Dal prof says new condo will “open up” the neighbourhood
October 9, 2010- The Dalhousie Gazette
Laura Conrad, News Editor and Samantha Durnford, Assistant News Editor
A combination of factors have made Gottingen Street on of the most feared neighborhoods in Halifax.
Dalhousie architecture professor Grant Wanzel says the area has suffered from being a “dumping ground for public and social housing.” Cole Webber, a local resident, says “gentrification in Halifax’s historic north end is shaped by racism. It goes back to the razing of Africville and subsequent relocation of many of its residents to the Uniacke Square and Mulgrave Park housing projects,” he says.
Wanzel is currently working to address the systemic issues in the area by implementing housing projects on Gottingen and surrounding areas.
Wanzel is the president of the Creighton/Gerrish Development Association (CGDA), a non-profit developer that seeks to combine community initiatives with economic development. Wanzel believes that by providing affordable housing units to lower and middle-income individuals, the entire community will benefit. Wanzel says the Gottingen Street initiative can be used as a model for underdeveloped areas across the region and across the country.
“We began working on a stage four development in 1998,” says Wanzel. “We’ve completed three parts of what we proposed to do.”
First, CGDA completed an 18-unit building at the corner of Buddy Daye and Gottingen Street that provides low-income housing for “hard to house” single people. The building was open in 2002 and is owned and operated by the Metro Non-Profit Housing Association.
In 2004, CGDA completed 6 semi-detached units on Creighton Street, and in 2008 they finished a 12-unit building at the corner of Creighton and Buddy Daye.
Wanzel says the overall intention of the project is to provide some affordable housing for low-income individuals, while at the same time, not losing any social housing. Wanzel believes these projects have already benefitted the area.
“The three projects have already had a considerable impact on the neighborhood, just in terms of stabilizing it,” says Wanzel.
CGDA’s fourth project is scheduled to begin construction in fall, 2010 and to be open by 2011. This final phase is a 48-unit condominium called Gottingen Terrace, which will be built facing the North Branch library. He says the condos will provide home ownership opportunities to people from the neighborhood.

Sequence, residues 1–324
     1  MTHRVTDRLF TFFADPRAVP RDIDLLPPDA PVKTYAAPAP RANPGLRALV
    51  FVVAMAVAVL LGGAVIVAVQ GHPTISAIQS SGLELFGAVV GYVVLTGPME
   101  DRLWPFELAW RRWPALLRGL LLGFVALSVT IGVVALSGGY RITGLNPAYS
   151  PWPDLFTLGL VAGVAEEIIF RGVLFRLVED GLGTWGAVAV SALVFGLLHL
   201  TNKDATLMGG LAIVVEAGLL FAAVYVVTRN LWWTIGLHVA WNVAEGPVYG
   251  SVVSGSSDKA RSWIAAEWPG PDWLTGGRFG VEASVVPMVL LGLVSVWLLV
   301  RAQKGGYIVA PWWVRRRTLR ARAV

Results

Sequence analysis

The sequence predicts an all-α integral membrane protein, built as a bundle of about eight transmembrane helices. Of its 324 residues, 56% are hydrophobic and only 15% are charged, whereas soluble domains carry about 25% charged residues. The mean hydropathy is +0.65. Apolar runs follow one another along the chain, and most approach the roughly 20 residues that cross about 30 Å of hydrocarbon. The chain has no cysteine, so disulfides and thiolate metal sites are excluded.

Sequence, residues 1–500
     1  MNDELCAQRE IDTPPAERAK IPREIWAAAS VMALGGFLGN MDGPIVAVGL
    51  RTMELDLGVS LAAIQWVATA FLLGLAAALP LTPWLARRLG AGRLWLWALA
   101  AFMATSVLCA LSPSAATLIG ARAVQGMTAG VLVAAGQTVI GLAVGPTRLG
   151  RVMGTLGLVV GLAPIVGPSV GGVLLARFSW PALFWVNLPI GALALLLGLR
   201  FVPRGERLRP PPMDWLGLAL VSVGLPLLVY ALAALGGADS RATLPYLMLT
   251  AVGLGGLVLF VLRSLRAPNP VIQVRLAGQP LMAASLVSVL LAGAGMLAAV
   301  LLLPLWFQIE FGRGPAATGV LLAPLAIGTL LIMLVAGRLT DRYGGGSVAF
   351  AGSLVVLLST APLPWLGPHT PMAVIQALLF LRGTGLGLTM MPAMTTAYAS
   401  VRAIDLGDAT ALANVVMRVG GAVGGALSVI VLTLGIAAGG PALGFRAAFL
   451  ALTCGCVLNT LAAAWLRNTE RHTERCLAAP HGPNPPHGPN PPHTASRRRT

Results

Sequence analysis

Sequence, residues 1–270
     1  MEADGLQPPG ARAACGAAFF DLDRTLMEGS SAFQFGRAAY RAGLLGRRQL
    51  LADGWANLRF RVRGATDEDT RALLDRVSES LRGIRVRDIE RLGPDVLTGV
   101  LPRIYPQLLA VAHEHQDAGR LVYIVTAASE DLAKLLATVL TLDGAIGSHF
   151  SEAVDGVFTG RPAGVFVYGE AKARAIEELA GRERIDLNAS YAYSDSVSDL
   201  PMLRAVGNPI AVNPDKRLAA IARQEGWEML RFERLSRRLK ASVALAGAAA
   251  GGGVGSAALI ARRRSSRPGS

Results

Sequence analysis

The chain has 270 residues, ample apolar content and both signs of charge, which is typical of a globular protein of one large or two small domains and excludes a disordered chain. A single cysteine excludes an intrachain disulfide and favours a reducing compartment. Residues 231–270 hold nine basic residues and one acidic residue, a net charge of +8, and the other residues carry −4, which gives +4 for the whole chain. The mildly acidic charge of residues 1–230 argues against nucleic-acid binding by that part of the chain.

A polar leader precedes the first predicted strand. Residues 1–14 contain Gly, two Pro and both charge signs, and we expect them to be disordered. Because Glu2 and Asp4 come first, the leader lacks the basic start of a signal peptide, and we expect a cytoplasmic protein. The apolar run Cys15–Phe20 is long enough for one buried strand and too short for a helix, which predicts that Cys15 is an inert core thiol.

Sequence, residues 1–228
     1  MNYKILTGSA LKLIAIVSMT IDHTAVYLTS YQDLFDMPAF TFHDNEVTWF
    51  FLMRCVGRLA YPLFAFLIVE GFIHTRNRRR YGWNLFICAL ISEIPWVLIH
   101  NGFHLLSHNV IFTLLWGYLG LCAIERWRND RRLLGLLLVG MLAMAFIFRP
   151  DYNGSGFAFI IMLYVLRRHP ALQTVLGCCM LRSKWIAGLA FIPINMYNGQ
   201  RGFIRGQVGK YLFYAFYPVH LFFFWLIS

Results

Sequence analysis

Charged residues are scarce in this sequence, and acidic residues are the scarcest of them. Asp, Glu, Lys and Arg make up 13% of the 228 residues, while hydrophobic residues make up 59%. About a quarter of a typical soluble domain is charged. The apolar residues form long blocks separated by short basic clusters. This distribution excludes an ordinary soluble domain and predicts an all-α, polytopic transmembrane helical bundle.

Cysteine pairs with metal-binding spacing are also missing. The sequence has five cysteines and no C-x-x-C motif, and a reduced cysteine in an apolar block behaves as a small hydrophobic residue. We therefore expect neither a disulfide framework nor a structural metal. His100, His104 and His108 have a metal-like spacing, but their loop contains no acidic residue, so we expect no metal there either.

Webber, who is a founding member of the Nova Scotia Common Front for Housing says that most people in the north end who rent don’t see home or condo ownership as a viable financial option.
“When people who could never afford to own see condos going up on Gottingen, they see development that is not in their interest,” Webber says. “And they are rightly concerned that condos will raise property values, and therefore the cost of rent,” which could push them out of the neighbourhood altogether.
Wanzel says home ownership opportunities will bring balance to a community that has a very high concentration of rental properties, of which 50 per cent are social and public housing.
“What we’re doing by providing affordable home ownership and diversifying the tenancies is a very positive thing for the neighbourhood,” says Wanzel. “Part of the aspiration is to provide alternative accommodation and, instead of just paying rent, to give people equity in something.”
This final phase of the project may be the most difficult for Wanzel, due to a lack of financial assistance from the province.
“We received government assistance for the first three projects,” says Wanzel. “As it is, we wont receive any for the fourth project. The only grants we’ve received are ones we’ve put together ourselves.”
The lack of provincial funding means that Gottingen Terrace may not be targeted to low-incomes people.
“If we were receiving deeper assistance from the province, it’d be possible for the households with somewhat lower incomes to access home ownership,” says Wanzel.
Webber agrees that provincial funding is a problem.
“Governments at all levels are withdrawing from their responsibility for social provision, including that of decent, affordable housing for poor and working people,” he says.
“Tenancy legislation in Nova Scotia provides little protection for tenants, there’s no rent control, and no effective enforcement of basic housing conditions. The majority of new housing developments are for-profit and often unaffordable to people in the neighbourhood,” he says. “The few small non-profit developments going up are too small in scale to alleviate the crisis.”
Because Gottingen Terrace will consist of middle-income housing, the project has received negative feedback from some community members.
This is clear from the graffiti displayed on the large sign that once read “Gottingen Terrace – Coming Soon.” The sign has since been vandalized and now displays the black spray-painted words, “Don’t be pushed out.”
Hazen Fry, who is a resident of Creighton Street, explains that the sign’s words refer to locals who are concerned about losing the low-income housing opportunities in their neighbourhood.
“This is not going to benefit the city as a whole, just people who can afford condos,” Hazen says. “If you’re already from a middle-class family, then you might see this as beneficial.”
Despite the criticism, Wanzel still believes the final phase of the project will be just as successful as the others implemented by CGDA.
“The neighborhood has suffered a lot. It suffered through urban renewal, which basically destroyed it. Recently, as the condos have begun to develop and small businesses are starting to take route again, there is some hope that the neighborhood will be opened up, and will itself open up to the rest of the city.”